Veterans Day will be marked in Los Angeles County today by a parade in the northeast San Fernando Valley and observances in several other communities amid calls from Mayor Eric Garcetti and President Barack Obama for year-round support for veterans.
Retired Marine Corps Capt. Dale Dye will be the grand marshal of the 11th annual San Fernando Valley Veterans Day Parade, which will begin at 11:11 a.m. at the corner of Laurel Canyon and San Fernando Mission boulevards in Mission Hills and end 1.1 miles to the south at Richie Valens Park at Laurel Canyon and Paxton Street in Pacoima.
A carnival in the park will follow the parade.
The starting time is a nod to World War I ending on the 11th hour of the 11th day of the 11th month in 1918.
Parade participants include the marching bands from Arleta, Beverly Hills, Bravo, Chatsworth, San Fernando and Van Nuys high schools and the Vaughn International Studies Academy and the Junior ROTC units from Cleveland, El Camino Real, Hawthorne, Monroe, Reseda, Van Nuys and West Adams Preparatory high schools and the North Valley Military Institute.
Dye served 21 years in the Marine Corps, including 31 combat operations in Vietnam. He deployed to Lebanon and trained troops in El Salvador, Honduras and Costa Rica in the 1980s.
Upset with Hollywood’s treatment of the American military, he established Warriors Inc., a military training and advisory service to the entertainment industry. He has worked on more than 50 movies and television series.
Veterans Day observances are also planned for Forest Lawn Memorial Park-Hollywood Hills, Pasadena, Carson, Commerce, Palmdale, Redondo Beach, El Monte and Lynwood.
Forest Lawn Memorial Park-Hollywood Hills will begin its 55th annual Veterans Day program at 11 a.m. It will include an aerial performance by the Golden Stars Skydiving Team, patriotic music and military displays. A job fair for veterans will begin at noon.
Pasadena’s Veterans Day Ceremony will be held from 10-11:11 a.m. and include displays of military vehicles and music by the Pasadena City College Band. Historic military aircraft will fly over City Hall at 10:45 a.m.
A patriotic celebration will begin at Carson’s Veterans Park at 10 a.m. with traditional military rites, including a flag folding and empty chair ceremony. New names that were added to Carson’s Veterans Wall will be presented during the event.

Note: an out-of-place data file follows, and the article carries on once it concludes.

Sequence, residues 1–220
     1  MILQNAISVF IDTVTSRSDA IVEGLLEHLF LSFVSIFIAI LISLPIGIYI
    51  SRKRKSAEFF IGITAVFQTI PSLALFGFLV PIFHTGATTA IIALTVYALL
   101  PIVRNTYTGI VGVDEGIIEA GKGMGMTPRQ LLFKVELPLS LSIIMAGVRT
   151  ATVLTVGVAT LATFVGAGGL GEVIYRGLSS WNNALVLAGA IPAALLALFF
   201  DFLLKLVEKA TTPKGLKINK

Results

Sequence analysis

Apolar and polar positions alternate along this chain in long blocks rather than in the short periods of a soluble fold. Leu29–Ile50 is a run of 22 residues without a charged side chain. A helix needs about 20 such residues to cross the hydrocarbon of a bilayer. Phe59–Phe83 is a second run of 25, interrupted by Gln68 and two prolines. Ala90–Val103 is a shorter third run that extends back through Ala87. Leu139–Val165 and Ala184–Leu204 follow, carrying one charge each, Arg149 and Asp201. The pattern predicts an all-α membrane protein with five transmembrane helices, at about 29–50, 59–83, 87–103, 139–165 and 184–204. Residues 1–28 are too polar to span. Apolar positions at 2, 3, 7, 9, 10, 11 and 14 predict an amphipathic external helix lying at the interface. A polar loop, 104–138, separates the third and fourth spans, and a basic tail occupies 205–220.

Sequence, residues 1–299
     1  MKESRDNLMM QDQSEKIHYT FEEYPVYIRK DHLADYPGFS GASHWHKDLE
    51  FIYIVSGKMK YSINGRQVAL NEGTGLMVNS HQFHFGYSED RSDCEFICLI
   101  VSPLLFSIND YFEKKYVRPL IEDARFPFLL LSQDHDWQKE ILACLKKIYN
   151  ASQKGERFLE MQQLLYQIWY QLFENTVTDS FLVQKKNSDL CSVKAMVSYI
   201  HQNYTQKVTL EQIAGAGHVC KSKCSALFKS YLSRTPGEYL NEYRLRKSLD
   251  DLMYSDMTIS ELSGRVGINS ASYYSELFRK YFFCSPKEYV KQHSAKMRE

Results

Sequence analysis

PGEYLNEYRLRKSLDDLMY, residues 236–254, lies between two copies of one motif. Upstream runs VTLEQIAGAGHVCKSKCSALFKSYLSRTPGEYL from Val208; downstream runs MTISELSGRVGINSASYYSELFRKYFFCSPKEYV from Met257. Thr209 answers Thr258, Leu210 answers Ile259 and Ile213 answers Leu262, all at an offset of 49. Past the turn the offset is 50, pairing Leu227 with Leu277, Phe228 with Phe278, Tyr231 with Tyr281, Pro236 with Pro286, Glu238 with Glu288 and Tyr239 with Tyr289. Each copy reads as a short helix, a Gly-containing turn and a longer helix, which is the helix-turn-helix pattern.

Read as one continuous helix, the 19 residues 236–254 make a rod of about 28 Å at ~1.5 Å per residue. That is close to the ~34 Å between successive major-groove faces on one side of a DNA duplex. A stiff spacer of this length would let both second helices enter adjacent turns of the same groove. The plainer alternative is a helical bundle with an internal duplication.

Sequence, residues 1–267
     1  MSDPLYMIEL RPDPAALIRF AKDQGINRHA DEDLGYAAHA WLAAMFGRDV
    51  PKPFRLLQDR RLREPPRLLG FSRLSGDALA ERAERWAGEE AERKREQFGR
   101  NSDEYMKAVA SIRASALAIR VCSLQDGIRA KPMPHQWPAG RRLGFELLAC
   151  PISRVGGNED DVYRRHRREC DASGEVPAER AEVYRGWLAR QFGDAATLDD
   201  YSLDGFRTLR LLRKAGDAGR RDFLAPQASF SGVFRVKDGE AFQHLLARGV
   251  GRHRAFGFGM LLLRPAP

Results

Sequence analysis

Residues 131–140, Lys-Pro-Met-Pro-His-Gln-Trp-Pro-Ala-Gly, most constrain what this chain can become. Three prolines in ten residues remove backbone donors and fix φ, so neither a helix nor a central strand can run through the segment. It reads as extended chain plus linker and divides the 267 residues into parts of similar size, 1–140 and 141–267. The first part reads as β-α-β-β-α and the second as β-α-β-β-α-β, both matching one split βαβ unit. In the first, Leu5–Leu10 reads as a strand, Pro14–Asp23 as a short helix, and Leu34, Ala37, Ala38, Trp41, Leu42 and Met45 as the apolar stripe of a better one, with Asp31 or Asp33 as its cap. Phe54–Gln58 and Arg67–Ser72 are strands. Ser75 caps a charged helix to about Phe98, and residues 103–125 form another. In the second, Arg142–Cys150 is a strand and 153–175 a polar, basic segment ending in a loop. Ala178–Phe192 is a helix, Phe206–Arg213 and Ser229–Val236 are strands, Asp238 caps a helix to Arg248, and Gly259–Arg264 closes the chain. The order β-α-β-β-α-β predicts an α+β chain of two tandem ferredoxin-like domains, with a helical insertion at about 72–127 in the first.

Commerce’s annual Veterans Day Ceremony, which will begin at 10 a.m. at Veterans Memorial Park, will feature a resource section where organizations will provide veterans with free programs and services.
Participants include Walgreens, which will offer free flu shots to all veterans with a Department of Veterans Affairs card and to residents with a Medicare or prescription usage card. The International Brotherhood of Electrical Workers will accept applications for its Electrical Training Institute and Veterans to Work program.
Habitat for Humanity will provide information about its free veterans home repair program and home ownership and youth programs. Representatives of the Hook-Up Resource Center will connect veterans with other organizations that provide information about services, including pensions, medical benefits, claims assistance and employment services.
The Antelope Valley Service Organization Association will begin its annual Veterans Day Ceremony at 11 a.m. at the Palmdale Amphitheater. Mayor Jim Ledford will speak and the Highland High School Travel Ensemble will sing “God Bless America” and the national anthem. The Mobile Vietnam Veterans Memorial Wall for the Antelope Valley will be on display until 11 p.m.
The Redondo Beach Veterans Day Tribute will be held from 1-2 p.m. at Veterans Park and will by highlighted by the donation of the Veterans Memorial Plaza Mosaic, a portrayal of the American flag created by Mexican artist Gani Guerrero.
The donation will be made by Gilberto Antonio Hiratra Chico, the mayor of Ensenada, Mexico, Redondo Beach’s sister city.
A 9 a.m. ceremony at El Monte City Hall will include a reading of the Veterans Day poem and music performed by the Mountain View High School band.
A wreath-laying ceremony will be held at 11 a.m. at Lynwood City Hall.
Veterans Day has its roots in a proclamation issued by President Woodrow Wilson in November 1919, a year after World War I ended, designating Nov. 11 as Armistice Day. States soon starting declaring Nov. 11 a legal holiday.
Congress made it a federal holiday in 1938, dedicated to the cause of world peace.
In 1954, following World War II and the Korean War, Congress, at the urging of veterans service organizations, passed a law renaming Armistice Day as Veterans Day. From 1971-1977, Veterans Day was held in late October. A 1975 law returned it to Nov. 11, beginning in 1978.
“As Angelenos enjoy the day off, I hope they remember this is also a day to honor the sacrifices of our men and women in uniform, who indeed deserve our support every day of the year,” Garcetti said.
Garcetti also reminded veterans they can find help with employment, housing, mental health care and health care though the Mayor’s Office of Veterans Affairs, whose website is located at lamayor.org/vets.
Obama devoted his Saturday radio address to veterans, calling for the public to “honor our veterans by making sure they get their shot at the American dream that they risked their lives to defend by helping them find jobs worthy of their skills and talents.”